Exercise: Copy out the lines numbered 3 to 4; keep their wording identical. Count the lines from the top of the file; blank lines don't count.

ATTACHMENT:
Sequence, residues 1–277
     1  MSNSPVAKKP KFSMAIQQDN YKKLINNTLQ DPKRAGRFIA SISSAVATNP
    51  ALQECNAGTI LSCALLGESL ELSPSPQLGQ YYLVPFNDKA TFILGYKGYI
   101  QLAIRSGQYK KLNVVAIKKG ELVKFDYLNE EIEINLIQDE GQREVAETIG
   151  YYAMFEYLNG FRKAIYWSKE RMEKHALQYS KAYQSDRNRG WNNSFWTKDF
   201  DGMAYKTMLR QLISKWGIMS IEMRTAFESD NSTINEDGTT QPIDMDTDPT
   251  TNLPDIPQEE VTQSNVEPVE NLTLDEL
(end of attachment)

    51  ALQECNAGTI LSCALLGESL ELSPSPQLGQ YYLVPFNDKA TFILGYKGYI
   101  QLAIRSGQYK KLNVVAIKKG ELVKFDYLNE EIEINLIQDE GQREVAETIG